Costumes bring a character to life at first glimpse on the screen. From Spike’s jacket in Angel to Inara’s beautiful gowns in Firefly, Shawna Trpcic knows how to do just that; she sculpts the character and creates a mood with fabric, form, and function. An unconventional, determined, and resourceful person, it’s no wonder that she has become the go-to costume designer of beloved writer/director Joss Whedon’s Firefly, Angel, and Dollhouse, and Much Ado About Nothing. We sat down with this remarkable designer to talk about her work and unique beginnings.
Originally wanting to be a truck-driving mechanic in the army, Shawna didn’t initially believe she could make art her career. Her high school art teacher, Mr. Gil, recognized her talent, and struck a deal with her to put together a couple of portfolios for two art colleges. If she got accepted, she would go. Shawna was accepted and received scholarship programs to both, choosing to attend Otis College of Art & Design.
Shawna decided to study fashion, but her start was anything but typical. “I was just the perfect example of an ugly duckling,” Shawna laughs. “Everyone else was wearing Chanel, and I was a jeans and t-shirt kind of girl; I pretty much still am.” Sporting her clothes from thrift stores, she would stay after school to learn and draw figures.
This ugly duckling turned out to be a swan all along when she was chosen for Bob Mackie’s costume team for a show called “Cinderella in the 60’s.” He chose a few elite students to be on the team; Shawna was selected because she was the only student in the entire program who drew black models. One of the characters was an African-American princess. Shawna was thrilled for the opportunity, rose to the occasion, and fell in love with creating fine art for the figure.
“You’re creating a character, which is art in itself,” Shawna illuminates, “I thought, ‘This is what I want to do.’”
She worked with AFI students for little to no pay for two years. SAG-AFTRA actors would teach her how to do her job, recommending she bring a Polaroid camera to keep continuity and an ironing board to press clothes. Word got out about “this crazy wacky designer who can make anything happen with no budget at all,” and Shawna was hired to do the first-ever American pilot of the Might Morphin Power Rangers series. A couple of shows later, she got her first union job as lead costume designer on Firefly.
“I was very naïve; I had never heard of Joss Whedon when I started Firefly,” she admits. She describes Joss as a genius, and she would create huge image boards to make sure she was on the same visual page as him.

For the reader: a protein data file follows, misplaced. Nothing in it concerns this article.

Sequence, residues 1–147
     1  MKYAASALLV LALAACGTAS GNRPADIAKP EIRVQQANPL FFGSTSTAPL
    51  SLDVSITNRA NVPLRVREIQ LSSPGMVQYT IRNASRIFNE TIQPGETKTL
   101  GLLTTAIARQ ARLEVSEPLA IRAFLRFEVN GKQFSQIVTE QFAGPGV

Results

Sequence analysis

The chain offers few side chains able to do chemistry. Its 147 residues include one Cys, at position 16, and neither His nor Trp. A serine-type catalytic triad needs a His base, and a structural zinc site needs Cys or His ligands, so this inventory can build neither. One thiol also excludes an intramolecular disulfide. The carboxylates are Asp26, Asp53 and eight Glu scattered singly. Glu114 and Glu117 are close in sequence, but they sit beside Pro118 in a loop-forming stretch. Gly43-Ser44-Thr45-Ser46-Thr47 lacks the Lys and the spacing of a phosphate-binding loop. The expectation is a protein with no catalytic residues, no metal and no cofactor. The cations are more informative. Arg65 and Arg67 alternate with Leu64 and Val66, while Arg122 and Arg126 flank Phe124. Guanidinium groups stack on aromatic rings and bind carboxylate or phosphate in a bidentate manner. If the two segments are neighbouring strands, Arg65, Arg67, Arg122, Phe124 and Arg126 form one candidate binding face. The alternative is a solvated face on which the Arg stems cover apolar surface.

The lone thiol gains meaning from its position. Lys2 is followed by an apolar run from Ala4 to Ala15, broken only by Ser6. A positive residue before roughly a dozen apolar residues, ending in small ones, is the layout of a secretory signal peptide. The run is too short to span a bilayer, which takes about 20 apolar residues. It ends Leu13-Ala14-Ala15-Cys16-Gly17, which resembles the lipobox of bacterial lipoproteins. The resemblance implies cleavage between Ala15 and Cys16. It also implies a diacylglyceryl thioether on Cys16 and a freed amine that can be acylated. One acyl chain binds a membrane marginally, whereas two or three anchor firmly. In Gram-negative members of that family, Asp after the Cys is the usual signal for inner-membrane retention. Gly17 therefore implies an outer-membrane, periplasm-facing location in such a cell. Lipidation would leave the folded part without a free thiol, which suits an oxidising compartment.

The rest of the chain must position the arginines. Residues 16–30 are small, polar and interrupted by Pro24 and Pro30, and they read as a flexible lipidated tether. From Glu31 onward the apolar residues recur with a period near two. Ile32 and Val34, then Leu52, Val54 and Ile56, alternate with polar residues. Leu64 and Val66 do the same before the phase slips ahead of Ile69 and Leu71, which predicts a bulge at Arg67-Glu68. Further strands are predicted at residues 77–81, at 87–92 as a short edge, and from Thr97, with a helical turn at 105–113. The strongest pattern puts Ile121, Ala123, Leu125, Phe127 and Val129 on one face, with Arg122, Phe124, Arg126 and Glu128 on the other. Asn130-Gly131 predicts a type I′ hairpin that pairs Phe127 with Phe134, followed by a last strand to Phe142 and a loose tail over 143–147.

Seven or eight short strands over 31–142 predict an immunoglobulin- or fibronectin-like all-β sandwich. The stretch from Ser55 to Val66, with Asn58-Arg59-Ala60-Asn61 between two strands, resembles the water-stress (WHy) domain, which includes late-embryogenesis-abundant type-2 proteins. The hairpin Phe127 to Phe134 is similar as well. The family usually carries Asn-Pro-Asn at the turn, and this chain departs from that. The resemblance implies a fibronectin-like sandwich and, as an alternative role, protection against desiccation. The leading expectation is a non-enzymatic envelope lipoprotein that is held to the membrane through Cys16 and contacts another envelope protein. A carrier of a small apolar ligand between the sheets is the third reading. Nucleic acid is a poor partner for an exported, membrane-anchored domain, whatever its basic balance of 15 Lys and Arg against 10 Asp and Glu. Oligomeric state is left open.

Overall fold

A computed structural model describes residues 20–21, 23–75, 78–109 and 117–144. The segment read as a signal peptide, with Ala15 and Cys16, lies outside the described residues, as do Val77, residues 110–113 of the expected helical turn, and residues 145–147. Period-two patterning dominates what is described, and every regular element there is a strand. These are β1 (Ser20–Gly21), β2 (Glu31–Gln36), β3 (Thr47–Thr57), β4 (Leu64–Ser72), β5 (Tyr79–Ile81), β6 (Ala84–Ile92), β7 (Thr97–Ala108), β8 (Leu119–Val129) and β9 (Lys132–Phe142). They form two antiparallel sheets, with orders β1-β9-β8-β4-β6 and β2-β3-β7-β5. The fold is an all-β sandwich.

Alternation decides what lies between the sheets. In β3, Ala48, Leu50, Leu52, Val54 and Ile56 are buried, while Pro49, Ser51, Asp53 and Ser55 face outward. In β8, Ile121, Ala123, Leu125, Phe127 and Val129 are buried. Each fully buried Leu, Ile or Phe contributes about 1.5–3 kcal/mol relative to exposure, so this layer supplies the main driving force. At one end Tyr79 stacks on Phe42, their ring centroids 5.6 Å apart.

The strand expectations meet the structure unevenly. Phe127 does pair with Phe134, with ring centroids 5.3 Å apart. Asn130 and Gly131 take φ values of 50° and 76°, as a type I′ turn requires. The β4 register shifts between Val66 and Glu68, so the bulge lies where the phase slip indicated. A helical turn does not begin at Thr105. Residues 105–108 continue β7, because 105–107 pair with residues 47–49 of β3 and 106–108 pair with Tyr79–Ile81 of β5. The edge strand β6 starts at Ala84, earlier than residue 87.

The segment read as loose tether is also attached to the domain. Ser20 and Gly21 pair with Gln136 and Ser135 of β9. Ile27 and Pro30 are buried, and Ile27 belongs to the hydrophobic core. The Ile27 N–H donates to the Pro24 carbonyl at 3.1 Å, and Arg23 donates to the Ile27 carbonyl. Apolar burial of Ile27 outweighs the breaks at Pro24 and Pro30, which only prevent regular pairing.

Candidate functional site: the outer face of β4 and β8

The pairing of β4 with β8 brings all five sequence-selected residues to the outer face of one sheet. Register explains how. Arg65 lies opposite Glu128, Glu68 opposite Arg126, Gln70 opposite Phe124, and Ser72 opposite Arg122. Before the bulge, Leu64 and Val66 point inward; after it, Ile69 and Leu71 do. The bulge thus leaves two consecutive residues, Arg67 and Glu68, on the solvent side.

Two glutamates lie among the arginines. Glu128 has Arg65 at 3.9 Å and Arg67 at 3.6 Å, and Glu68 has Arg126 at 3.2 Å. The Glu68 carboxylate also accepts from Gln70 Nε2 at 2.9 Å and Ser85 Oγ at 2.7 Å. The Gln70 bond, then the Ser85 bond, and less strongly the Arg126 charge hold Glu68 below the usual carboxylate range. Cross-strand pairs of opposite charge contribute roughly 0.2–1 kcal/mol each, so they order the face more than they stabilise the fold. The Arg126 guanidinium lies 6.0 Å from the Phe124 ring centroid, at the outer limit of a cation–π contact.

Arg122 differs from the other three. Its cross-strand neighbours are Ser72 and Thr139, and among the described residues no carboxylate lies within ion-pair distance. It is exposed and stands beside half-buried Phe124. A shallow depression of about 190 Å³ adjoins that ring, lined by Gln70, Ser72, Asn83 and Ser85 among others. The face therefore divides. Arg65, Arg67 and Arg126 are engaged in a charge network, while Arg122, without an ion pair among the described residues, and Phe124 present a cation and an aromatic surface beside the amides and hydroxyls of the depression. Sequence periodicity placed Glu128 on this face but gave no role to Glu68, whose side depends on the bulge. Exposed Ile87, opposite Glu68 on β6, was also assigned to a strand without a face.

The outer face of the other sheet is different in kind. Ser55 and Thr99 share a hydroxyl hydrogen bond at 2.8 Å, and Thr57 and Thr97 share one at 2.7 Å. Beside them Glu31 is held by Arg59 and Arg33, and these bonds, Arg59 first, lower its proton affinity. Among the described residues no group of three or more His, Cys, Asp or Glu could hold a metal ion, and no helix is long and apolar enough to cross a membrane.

A board shows the look and feel of the costume design. “For example, say you’re designing a heroine,” she explains, “ and you like characters such as Elektra and Daredevil. You’d put together pictures of super heroes you like, grit, leather, material to give it the flavor and color.” She then uses the board as her pitch book to sell the costume vision to the director, producer, and showrunner.
Since each episode of Firefly takes place on a separate planet, she would design for a different world every eight days. Shawna worked closely with production designer Carey Meyer and executive producer Tim Minear to design each world’s look, and then the specific characters in those castes. For example, the Mudders in the episode “Jaynestown” were low-caste indentured servants, who sported different attire from the local ruling magistrate.
Shawna also learned how to create costumes for action. She describes how 10 minutes before shooting, the bounty hunter stunt person ripped literally every single part of the costume. She learned to put in stretch panels and seams so that he could do the action required.
“All Americans are mutts,” she explains, “We don’t want to pigeonhole characters into the cookie cutter version instead of getting into the deep layer of them.” Shawna weaves together interesting, beautiful cross-cultural aspects throughout her sci-fi/fantasy work. To design the Companion Inara’s elegant and iconic outfits, Shawna studied concubines in various races, backgrounds, and countries; Inara was supposed to be a goddess in all of these cultures.
Shawna studied the nuances of what concubines wore as well as what they held back. These women weren’t dressed sexily like Marilyn Monroe; they concealed so that there would be something to discover. “They covered everything and were the most desired and gorgeous creatures on Earth. I wanted to create layers of fabric and mystery around Inara.” For every single one of Inara’s costumes, Shawna created an illustration and made it from scratch, specifically for Morena Baccarin.
Shawna had a team of 12 women sewing, a full-time dyer, and a full tailor shop. Every 8 days, they collaborated to create 2 or 3 costumes for Inara and other characters on the show. They made Kaylee’s dress in the episode “Shindig” from scratch, sewing and dying every ruffle. In that same episode, Shawna used her own gold wedding dress to costume Inara, and the writers rewrote the script to change Mal’s line from “I think she’s wearing red” to “gold.” The veil became her bodice and skirt, and they dyed silk chiffon for the sleeves to match the dress.
Joss gave Shawna lots of creative freedom, and they worked well together. When Firefly was cancelled, Joss brought her over to do Angel, and she continued to work with him on other projects, including Dr. Horrible’s Sing-Along Blog and Dollhouse.
Follow Shawna on Twitter & Instagram: @trpcic